A study conducted by Penn State researchers and presented at the American Heart Association EPI/Lifestyle 2015 meeting suggests that the consistency of your sleep schedule, in addition to the average number of hours you sleep per night, may influence eating habits.
The study, which examined teenagers’ sleep and dietary habits, found that participants averaged 7 hours of sleep a night. However, teens with irregular sleeping patterns (for example, getting too little sleep one night and sleeping in the next night), ate more calories and were more likely to snack than teens with regular sleeping patterns.
In fact, participants consumed 210 additional calories (think a small slice of pizza or a candy bar) for every hour of difference in sleep night-to-night. Over time these differences could add up—check out the example sleep schedules below to see how.
Although more research on this topic is sure to come, getting 7-9 hours of sleep each night and keeping a consistent sleep-wake schedule seem like good steps toward better habits and health.
Are midterms stressing you out? Getting 7-9 hours of sleep each night can help. Not only does getting adequate sleep help you feel rested and more focused, but it also helps your brain to form memories, which comes in handy when you need to remember the stages of mitosis or the Spanish word for “textbook.”
These four tips from the Sleep Sheep can get you on your way to better sleep and better grades:
- Avoid tobacco, caffeine, and alcohol close to bedtime. Nicotine and caffeine are stimulants and can keep you awake. Alcohol may make you feel sleepy, but it disrupts sleep later on in the night.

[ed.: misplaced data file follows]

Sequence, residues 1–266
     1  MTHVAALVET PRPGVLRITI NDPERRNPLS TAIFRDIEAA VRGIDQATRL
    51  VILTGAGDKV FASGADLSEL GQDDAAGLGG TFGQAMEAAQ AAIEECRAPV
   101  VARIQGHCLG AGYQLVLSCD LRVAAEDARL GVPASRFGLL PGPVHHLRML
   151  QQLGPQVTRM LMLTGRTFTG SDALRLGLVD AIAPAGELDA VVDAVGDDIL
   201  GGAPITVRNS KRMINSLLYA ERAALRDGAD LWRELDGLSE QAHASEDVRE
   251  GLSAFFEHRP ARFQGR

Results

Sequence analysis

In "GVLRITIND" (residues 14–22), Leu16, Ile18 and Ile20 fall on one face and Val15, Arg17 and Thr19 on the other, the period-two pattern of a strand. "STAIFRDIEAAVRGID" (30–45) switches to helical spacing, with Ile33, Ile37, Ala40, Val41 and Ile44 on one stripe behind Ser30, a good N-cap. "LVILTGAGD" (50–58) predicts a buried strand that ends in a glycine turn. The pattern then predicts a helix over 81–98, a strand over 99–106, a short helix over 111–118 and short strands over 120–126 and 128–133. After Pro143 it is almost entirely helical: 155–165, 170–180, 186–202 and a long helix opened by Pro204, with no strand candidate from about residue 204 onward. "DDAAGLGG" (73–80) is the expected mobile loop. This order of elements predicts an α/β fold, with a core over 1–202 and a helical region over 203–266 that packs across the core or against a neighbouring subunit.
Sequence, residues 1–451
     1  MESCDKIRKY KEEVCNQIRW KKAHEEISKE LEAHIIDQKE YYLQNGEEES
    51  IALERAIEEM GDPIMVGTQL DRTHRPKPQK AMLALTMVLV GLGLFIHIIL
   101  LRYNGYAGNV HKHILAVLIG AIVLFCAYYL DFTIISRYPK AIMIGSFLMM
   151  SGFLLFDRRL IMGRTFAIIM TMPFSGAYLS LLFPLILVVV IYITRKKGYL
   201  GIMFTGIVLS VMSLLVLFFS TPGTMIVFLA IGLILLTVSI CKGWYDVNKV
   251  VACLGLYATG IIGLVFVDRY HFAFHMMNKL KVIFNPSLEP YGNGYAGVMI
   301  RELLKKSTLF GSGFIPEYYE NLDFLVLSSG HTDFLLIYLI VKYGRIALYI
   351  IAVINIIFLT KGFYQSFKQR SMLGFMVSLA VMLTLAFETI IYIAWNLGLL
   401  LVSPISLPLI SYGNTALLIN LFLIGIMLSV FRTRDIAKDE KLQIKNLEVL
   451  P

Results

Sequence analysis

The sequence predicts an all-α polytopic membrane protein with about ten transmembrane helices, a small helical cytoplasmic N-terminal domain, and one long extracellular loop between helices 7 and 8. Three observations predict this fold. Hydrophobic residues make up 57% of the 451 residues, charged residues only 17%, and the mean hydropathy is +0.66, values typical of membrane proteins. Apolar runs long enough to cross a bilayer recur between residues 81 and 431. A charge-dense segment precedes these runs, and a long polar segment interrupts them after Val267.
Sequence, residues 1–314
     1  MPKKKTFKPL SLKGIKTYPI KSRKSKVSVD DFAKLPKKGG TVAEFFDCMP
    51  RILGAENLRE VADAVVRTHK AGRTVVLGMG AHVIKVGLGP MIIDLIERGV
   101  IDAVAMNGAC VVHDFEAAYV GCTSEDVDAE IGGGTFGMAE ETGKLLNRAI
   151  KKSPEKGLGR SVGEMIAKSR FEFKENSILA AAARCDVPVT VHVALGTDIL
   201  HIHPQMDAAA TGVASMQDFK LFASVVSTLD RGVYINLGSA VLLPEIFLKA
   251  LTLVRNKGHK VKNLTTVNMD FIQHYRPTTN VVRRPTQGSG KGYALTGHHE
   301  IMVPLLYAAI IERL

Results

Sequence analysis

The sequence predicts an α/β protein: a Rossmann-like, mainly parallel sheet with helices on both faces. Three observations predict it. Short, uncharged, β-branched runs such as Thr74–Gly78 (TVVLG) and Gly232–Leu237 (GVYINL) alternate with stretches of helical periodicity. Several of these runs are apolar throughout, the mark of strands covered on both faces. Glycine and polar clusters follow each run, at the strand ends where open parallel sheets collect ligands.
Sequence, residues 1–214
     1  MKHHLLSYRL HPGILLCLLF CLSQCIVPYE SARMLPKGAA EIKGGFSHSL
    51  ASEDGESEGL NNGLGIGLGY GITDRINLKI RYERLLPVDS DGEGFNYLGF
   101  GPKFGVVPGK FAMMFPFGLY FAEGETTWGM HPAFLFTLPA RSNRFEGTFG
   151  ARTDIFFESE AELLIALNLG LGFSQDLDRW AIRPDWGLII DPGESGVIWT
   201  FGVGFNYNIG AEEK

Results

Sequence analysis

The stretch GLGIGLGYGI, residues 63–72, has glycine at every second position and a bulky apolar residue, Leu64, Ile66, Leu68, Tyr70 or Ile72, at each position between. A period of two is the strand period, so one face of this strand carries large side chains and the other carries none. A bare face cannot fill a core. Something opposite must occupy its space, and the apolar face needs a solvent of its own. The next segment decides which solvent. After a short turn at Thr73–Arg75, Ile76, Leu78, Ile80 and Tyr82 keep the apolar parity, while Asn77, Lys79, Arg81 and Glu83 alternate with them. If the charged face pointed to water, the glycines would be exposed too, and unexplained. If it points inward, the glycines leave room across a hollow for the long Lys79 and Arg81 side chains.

- Limit late night snacks. Eating or drinking too close to bedtime can make it difficult to sleep.
- Don’t let noise disrupt your sleep. Get free earplugs from 201 Student Health Center or run a fan to drown out noisy neighbors.
- Nap smarter. Limit daytime naps to 10-30 minutes during the midafternoon. Napping for longer or later in the day may make it harder to fall asleep at night.
For more tips, click here.
Sleep, sweet sleep. Not only does catching enough Zzzs feel great, but it’s also a way to keep your body and mind in tip-top shape. Although late nights may be tempting, not getting enough sleep is linked to lowered immune function, poorer eating habits, and impaired memory and learning.
To feel and perform at your best, make 7 to 9 hours of sleep each night a priority. If you’re not currently meeting this recommendation, the Sleep Sheep may be able to help. Check out these five simple tips for getting better sleep:
- Keep a consistent schedule. Going to sleep and waking up around the same times every day will help set your internal clock and help you get better sleep.
- Create a pre-sleep ritual. Get ready for bed each night by practicing deep breathing or listening to relaxing music.
- Go dark for better sleep. Turn off lights, use curtains, or wear a sleep mask (available for free in 201 Student Health Center) to fall asleep faster.
- Keep your eyes off the clock. If you can’t sleep, don’t watch the clock. Instead, get out of bed and read or listen to relaxing music. When you feel tired again, go back to bed.
- Hit the gym at least 2-3 hours before you hit the hay. Regular exercise earlier in the day can help you fall asleep at night, but working out too close to bedtime can interfere with sleep.